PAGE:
School of Geography FACULTY OF ENVIRONMENT Extending spatial interaction models with agents for understanding relationships in a dynamic retail market Alison Heppenstall & Mark Birkin University of Leeds Presenter: Andrew Evans
Overview • An agent-based retail model – review • An agent-based retail model – extension • Experiments with an extended ABRM • Future plans and reflections
Complex Geographical Systems • Characteristics of a geographical system: • Dynamic, nonlinear relationships among a multitude of components • Complex, recursive or highly iterative interactions among components • Evolve dynamically over time and space • Exhibit chaotic and potentially self-organising behaviour Retail Petrol Market • Highly competitive and sensitive market. • Complex system: • Internal, external factors. Effects of locality. • Petrol brands operate unique rule sets? • Networks of information geographically constrained?
Agent-based retail model About 1000 people
Agent-based retail model Weighting for price and distance Portion of total fuel sold in this ward The greater the distance and price, the closer the weighting to zero
‘What if?’ analysis: aggressive drop t3 t1 t2 t4
Agent-based retail model: Version 2 • New agent rules • Attraction = floorspace, not price • Standard retail model as prices unknown – floorspace proxy for competitiveness. • Adjustment mechanism based on provision (‘floorspace’) rather than price • If operation is profitable then expand, otherwise contract. • This has the advantage that unprofitable stations will close naturally. • Retail agents not dispersed but homogeneous
ABRM: Version 2 Set floorspace Evaluate profit Spatial Interaction Model Profit >0? Increase floorspace Reduce floorspace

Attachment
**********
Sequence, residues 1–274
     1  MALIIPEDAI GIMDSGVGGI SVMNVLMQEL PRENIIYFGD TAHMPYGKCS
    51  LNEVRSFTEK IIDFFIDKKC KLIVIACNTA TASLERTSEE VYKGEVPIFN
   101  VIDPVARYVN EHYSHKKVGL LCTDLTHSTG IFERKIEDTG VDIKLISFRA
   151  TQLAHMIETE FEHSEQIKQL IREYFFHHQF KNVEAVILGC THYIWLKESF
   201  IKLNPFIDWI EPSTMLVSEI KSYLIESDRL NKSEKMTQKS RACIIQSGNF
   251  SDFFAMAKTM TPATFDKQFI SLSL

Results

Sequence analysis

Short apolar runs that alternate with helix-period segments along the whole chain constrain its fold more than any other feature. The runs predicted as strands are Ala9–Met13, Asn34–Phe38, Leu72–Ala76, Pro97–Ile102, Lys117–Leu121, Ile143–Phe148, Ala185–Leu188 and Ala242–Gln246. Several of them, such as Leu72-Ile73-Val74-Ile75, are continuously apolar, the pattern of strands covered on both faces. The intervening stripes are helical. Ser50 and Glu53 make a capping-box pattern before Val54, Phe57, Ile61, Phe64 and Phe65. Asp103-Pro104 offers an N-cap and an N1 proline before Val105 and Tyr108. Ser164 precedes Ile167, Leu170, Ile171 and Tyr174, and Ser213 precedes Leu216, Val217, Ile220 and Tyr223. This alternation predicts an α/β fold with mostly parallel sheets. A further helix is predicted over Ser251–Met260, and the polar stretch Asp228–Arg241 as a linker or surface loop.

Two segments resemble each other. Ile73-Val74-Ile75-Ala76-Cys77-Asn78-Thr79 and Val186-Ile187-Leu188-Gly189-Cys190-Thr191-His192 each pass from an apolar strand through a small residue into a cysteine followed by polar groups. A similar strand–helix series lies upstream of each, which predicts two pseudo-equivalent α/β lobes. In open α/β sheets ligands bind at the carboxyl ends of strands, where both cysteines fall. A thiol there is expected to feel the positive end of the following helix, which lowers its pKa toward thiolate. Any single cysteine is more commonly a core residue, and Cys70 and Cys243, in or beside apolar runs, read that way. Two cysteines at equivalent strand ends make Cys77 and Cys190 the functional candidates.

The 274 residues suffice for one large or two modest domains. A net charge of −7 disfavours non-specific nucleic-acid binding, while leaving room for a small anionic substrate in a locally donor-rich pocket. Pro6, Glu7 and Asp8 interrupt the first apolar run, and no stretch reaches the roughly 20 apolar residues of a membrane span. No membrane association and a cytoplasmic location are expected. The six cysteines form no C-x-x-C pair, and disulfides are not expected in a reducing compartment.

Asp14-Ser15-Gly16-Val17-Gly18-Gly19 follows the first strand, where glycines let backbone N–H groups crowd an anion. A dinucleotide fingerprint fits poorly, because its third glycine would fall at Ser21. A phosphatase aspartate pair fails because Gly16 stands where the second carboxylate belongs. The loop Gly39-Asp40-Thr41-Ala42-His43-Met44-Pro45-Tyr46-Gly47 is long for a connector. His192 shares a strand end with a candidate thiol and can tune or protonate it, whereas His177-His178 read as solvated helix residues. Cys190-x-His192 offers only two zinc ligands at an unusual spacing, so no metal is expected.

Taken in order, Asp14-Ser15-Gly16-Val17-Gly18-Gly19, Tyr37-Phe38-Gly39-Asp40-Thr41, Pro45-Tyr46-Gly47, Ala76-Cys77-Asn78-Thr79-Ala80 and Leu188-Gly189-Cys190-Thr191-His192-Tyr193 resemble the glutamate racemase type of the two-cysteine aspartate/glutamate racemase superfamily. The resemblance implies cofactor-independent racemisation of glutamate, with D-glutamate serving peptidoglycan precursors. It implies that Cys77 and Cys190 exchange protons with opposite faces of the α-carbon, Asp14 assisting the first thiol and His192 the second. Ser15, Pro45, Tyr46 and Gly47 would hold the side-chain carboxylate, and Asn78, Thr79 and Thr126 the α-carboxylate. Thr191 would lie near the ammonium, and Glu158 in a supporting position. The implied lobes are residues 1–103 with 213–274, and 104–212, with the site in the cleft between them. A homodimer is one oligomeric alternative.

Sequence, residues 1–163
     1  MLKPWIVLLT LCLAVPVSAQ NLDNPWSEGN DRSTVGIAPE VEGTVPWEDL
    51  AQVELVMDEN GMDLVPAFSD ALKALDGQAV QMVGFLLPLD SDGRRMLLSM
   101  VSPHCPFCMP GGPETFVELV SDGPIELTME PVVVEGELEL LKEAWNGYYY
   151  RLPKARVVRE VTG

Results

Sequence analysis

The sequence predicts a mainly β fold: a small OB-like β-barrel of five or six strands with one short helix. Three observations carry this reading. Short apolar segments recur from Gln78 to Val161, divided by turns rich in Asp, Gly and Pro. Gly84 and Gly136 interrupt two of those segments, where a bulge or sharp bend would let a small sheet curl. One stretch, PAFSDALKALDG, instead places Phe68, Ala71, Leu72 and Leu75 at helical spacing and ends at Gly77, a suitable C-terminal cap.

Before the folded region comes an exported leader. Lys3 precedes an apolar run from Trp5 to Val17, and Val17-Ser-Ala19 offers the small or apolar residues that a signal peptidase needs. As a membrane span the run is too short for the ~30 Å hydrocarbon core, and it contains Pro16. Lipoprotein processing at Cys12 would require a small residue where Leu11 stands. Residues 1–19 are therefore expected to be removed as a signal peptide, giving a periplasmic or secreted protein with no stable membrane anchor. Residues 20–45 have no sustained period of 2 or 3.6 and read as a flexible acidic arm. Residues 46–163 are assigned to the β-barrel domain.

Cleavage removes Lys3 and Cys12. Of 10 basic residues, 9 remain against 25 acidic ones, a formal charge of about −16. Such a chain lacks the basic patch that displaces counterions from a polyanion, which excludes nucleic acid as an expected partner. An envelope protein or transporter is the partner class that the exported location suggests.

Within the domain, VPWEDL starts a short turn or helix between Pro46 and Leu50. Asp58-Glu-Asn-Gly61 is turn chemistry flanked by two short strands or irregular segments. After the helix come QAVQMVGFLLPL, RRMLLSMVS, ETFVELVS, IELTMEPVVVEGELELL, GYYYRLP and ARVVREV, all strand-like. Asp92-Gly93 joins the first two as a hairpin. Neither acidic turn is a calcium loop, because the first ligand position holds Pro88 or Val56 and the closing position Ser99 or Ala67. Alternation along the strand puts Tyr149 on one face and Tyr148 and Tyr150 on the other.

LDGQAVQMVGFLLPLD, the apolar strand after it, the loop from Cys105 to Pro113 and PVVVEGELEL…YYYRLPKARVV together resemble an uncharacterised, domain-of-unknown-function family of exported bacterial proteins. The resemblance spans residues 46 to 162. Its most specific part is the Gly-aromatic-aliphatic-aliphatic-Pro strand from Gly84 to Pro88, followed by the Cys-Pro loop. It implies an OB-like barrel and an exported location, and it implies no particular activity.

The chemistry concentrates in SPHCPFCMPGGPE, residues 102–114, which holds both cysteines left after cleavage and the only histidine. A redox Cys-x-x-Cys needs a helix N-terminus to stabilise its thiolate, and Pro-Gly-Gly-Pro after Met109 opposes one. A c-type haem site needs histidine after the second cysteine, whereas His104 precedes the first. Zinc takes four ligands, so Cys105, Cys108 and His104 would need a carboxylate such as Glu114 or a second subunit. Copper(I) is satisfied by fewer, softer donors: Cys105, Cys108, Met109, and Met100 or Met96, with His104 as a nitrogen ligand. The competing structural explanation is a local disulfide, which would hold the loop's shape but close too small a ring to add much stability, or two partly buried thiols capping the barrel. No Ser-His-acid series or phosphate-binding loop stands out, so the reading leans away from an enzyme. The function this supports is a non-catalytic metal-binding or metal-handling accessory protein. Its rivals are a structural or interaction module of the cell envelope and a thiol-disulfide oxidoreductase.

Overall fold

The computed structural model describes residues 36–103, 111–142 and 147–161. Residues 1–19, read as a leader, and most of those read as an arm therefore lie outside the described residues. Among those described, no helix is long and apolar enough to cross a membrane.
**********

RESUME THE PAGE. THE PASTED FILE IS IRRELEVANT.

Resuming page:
Agent-based retail model Attractiveness Price effect Accessibility Set the effect of price to neutral. Introduce a new weighting associated with floorspace Wjα : Wj is adjusted in line with profits.
ABRM: Version 2 • Experiment 1 – • Rectangular lattice of 27 x 27 zones • Even distribution of population and accessibility • Explore variations in provision (at equilibrium) for alternative configurations of accessibility (beta) and attractiveness (alpha) • Adjustment mechanism: • Wj = Profits / constant • Means stations with negative profits shrink to nothing and gain no consumers.
Distance harder to travel Distance harder to travel Agent-based model Attractiveness more important Attractiveness more important Competition increases with ease of travel and attractiveness
Distance harder to travel Spatial Interaction Model Attractiveness more important
ABRM: Version 2 • Significance of this result: • Exactly parallels the simulations of Wilson & Clarke (1983), following Harris and Wilson (1978) • Further applications to • Residential location (Clarke & Wilson, 1984) • Industrial location (Birkin & Wilson, 1986a,b) • Agricultural location (Wilson & Birkin, 1987)
ABRMV2: Further Experiments • A) Move to real geography Distribution of petrol stations comes from the Catalist data • B) Add demographics Distance travelled comes from a paper by Haining and Plummer • C) Calibrate model
Distance harder to travel Agent-based model Attractiveness more important
What happens if we mess with the real world? EPS = sensitivity to profit Higher EPS = faster reaction to market = more instability =less survival
Models • started with a model in which changes in both the interactions and petrol station profits were dictated by changing prices; but stations never closed. • then we created a classical model in which the dynamics are determined by changes in retail floorspace. Stations could shrink. • Now we want to look at a third model in which prices and floorspace (i.e. Location) are both changing simultaneously.
Eps1 (price sensitivity) =0.1 Eps2 (floorspace sensitivity) =0.1
Price constraint low, Floorspace important Price constraint medium, Floorspace neutral Price constraint high Floorspace unimportant
Future directions • Variable patterns of price and location adjustment • Discrete changes in strategy or provision • Reactive behaviour and agent interactions
Summary and conclusions • Agent-based modelling breathes new life into classical approaches • Spatial interaction model emphasises the potential for practical deployment of simulation methods • Extension of this work to agent-based models of consumer behaviour is the obvious next step